The Commissioner presented an alternative argument that the amount paid by a private company should be tested by sec. 109 before it is tested by sec. 78(1)(c), but that is clearly wrong - for sec. 109 operates only to take away what is elsewhere made an allowable deduction; until a payment is otherwise made an allowable deduction (such as by sec. 78(1)(c)), sec. 109 has no operation at all:
W.J. & F. Barnes Pty. Ltd. v. F.C. of T. (1957) 96 C.L.R. 294 at p. 310. Moreover it is clear, from the Commissioner's statement furnished to the Board of Review in the company's reference pursuant to reg. 35(1), that that is how he proceeded in this particular case. Under sec. 109 the function of the Commissioner is limited to the formation of an opinion as to quantum of what has been allowed elsewhere as a deduction; he has no concern under sec. 109 with any of the factors which govern the deductibility of that payment under another provision of the Act: ibid. at p. 303; he must make an assessment of the objective reasonableness of the amount allowed elsewhere by the Act (here, by sec. 78(1)(c)). On the other hand, under sec. 78(1)(c), the Commissioner must make an assessment of a subjective state of mind in determining the extent to which the payment was made by the taxpayer in good faith in consideration of the past services of the recipient. In many cases the objective reasonableness of the amount actually paid will be relevant to that issue, but the contrast between the reasonableness of the amount actually paid and that of the amount allowed as a deduction should be noted. This is why I stated earlier that the opinion which the Commissioner must form under sec. 109 is very different to that which he must form under sec. 78(1)(c).
It appears from the Board's reasons (and it was accepted before me) that the Commissioner applies the same test in the formation of his opinion under sec. 78(1)(c) as he does in the formation of his opinion under sec. 109. In each case he applies a scale also applied by him in giving his approval pursuant to sec. 23F in relation to various characteristics of superannuation funds whose income is made exempt from tax where they are set up by employers and where, inter alia, the benefits paid to employees are not excessive in amount having regard to certain objective considerations concerning their service with their employer (subsec. (2)(h)).
In limiting the matters which he considers to the application of the scale applicable to sec. 23F(2)(h) the Commissioner is clearly in error so far as it is applied to sec. 78(1)(c), for the matters enumerated in sec. 23F(2)(h) pay no regard to the subjective issue of good faith posed by sec. 78(1)(c). Whether or not he is in error so far as this scale is applied to sec. 109 is an issue to be determined later in this judgment, but it must be kept in mind that the Commissioner there is concerned with the reasonableness of the amount allowed by sec. 78(1)(c) as a deduction, and not necessarily with the amount actually paid and claimed pursuant to sec. 78(1)(c).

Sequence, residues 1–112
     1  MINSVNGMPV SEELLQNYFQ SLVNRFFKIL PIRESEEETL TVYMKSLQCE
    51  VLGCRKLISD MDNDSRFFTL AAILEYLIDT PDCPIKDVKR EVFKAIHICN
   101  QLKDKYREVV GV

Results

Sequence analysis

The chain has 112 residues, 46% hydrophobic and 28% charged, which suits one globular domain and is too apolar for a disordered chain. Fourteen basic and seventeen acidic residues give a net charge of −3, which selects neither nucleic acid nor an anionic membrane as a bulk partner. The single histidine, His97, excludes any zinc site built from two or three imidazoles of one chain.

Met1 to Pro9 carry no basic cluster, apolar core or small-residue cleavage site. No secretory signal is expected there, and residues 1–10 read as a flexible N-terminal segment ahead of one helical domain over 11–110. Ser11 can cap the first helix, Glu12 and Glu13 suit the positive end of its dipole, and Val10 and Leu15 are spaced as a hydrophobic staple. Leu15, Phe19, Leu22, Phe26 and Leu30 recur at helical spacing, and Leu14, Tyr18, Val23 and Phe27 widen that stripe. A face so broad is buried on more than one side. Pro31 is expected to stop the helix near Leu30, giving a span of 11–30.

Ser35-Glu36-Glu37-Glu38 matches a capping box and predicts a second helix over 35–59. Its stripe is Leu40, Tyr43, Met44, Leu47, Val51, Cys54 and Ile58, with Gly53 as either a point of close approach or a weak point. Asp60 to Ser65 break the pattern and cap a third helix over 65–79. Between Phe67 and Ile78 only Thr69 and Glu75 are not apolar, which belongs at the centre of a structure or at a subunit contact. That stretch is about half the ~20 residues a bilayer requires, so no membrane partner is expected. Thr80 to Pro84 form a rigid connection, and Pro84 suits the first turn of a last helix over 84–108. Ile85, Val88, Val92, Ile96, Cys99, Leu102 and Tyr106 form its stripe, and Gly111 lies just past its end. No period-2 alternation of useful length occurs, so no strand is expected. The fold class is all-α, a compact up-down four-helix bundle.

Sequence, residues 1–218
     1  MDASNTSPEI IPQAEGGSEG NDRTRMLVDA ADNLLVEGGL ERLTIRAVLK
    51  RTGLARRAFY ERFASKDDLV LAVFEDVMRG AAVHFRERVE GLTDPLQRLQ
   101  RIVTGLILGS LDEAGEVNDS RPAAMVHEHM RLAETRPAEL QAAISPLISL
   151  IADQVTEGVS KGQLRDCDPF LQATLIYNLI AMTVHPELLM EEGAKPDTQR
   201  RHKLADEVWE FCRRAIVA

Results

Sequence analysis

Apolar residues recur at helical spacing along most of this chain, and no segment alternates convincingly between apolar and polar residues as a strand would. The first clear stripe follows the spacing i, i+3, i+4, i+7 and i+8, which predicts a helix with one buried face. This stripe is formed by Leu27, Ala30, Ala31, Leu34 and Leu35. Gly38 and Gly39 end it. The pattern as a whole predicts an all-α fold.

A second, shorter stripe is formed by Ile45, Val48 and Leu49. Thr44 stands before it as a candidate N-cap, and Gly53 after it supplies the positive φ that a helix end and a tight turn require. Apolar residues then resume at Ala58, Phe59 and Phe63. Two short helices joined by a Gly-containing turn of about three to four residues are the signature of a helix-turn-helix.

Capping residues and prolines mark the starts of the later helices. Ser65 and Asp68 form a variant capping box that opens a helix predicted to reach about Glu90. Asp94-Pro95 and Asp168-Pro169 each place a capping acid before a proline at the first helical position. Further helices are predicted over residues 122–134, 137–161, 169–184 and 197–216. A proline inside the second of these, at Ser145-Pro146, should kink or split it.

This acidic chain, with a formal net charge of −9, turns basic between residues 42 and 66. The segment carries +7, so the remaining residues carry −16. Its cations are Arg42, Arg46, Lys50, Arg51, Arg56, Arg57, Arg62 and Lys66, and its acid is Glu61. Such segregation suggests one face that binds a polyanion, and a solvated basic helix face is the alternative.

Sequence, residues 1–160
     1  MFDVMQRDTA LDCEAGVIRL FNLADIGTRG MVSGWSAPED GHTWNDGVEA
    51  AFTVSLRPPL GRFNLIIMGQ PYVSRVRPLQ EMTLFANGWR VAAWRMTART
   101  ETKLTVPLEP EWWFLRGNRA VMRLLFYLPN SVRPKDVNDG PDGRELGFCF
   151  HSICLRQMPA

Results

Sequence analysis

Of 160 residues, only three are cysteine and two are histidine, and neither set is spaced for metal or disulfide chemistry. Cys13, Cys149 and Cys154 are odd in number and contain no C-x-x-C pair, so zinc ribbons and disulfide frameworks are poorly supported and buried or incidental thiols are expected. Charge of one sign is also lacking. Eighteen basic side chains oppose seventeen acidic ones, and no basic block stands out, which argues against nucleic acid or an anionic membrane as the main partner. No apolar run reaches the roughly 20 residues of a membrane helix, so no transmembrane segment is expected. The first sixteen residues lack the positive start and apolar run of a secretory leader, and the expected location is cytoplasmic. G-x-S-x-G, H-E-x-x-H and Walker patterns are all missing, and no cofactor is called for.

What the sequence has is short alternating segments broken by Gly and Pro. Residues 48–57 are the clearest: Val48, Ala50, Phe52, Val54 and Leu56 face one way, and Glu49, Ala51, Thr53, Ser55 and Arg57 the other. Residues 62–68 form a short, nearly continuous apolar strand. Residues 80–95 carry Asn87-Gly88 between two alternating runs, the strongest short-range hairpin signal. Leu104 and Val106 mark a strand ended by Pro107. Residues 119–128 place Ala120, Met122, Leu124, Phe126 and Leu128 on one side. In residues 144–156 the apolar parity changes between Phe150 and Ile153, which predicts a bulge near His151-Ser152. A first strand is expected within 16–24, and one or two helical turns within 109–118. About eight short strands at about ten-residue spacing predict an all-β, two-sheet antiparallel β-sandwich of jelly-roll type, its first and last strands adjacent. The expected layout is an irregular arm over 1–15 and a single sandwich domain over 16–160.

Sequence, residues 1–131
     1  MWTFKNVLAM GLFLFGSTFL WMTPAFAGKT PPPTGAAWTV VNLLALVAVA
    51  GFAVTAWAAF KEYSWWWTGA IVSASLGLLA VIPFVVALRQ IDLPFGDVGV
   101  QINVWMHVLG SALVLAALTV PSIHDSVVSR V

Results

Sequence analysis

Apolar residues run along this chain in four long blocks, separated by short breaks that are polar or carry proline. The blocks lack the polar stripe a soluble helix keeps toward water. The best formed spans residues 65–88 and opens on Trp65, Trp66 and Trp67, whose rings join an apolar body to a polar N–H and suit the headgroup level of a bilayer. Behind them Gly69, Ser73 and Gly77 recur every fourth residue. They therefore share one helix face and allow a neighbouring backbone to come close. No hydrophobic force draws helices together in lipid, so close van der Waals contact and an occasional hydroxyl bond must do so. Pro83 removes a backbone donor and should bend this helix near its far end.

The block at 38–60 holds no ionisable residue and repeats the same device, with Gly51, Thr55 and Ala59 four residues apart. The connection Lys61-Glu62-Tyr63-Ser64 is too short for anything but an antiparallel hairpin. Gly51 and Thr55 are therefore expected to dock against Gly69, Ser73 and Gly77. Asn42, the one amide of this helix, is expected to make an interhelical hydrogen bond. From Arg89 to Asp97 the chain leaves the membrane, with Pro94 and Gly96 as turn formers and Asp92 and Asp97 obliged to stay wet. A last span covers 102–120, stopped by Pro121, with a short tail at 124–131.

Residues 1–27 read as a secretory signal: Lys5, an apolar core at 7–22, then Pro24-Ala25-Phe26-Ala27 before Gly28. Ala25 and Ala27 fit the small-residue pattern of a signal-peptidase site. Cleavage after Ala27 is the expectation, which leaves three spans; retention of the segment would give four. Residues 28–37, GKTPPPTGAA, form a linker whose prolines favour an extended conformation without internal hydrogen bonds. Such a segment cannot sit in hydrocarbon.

These appeals, however, are concerned not with the opinions formed by the Commissioner, but rather with the opinions formed by a Board of Review on reference from the Commissioner:
Brambles Holdings Ltd. v. F.C. of T. 77 ATC 4481 at p. 476;
F.C. of T. v. Mantle Traders Pty. Ltd. 80 ATC 4588 at pp. 4592-4593; (1980) 33 A.L.R. 276 at p. 282. Just what may be the effect of the exception to the provision in sec. 193(1) - which deems the Board's decision to be that of the Commissioner ``except for the purpose of... appeals therefrom'' - was not argued before me: cf. F.C. of T. v. Mantle Traders Pty. Ltd. at ATC p. 4592; A.L.R. p. 281.
There was some debate between the parties as to the correct approach to an appeal which involves the opinion of the Commissioner or the opinion of a Board of Review which replaces it. Normally, an appeal to the Supreme Court from the decision of a Board of Review is a full rehearing, in that it is determined upon the evidence before the Court without regard to any findings of fact made by the Board:
Krew v. F.C. of T. 71 ATC 4213 at p. 4216; (1971) 45 A.L.J.R. 324 at p. 326;
McCormack v. F.C. of T. 79 ATC 4111; (1979) 23 A.L.R. 583 at pp.
ATC 4457598-599; F.C. of T. v. Mantle Traders Pty. Ltd. at ATC p. 4599; A.L.R. p. 291. However, where the assessability of a receipt or the deductibility of a payment depends upon the formation by the Commissioner of an opinion (or by the Board on a reference from the Commissioner), the nature of the appeal from that opinion is not the same. It is clear from the authorities that such opinion in each case is examinable only upon ordinary administrative law principles; it may be attacked upon the basis that the opinion was affected by a mistake of law, or took into account an extraneous consideration, or failed to take into account a factor which should have been considered, or was one which could not reasonably have been formed on the material before the Commissioner or the Board, as the case may be:
Avon Downs Pty. Ltd. v. F.C. of T. (1949) 78 C.L.R. 353 at p. 360;
Kolotex Hosiery (Australia) Pty. Ltd. v. F.C. of T. 75 ATC 4028 at pp. 4031-4032, 4048-4049, 4055-4056; (1975) 132 C.L.R. 535 at pp. 541-542, 567-568, 578-579; F.C. of T. v. Mantle Traders Pty. Ltd. at ATC pp. 4592-4593; A.L.R. p. 282. The determination of whether that opinion should or should not stand must proceed upon the basis of the material which was before the Commissioner or the Board, as the case may be, notwithstanding what additional material may be before the Court: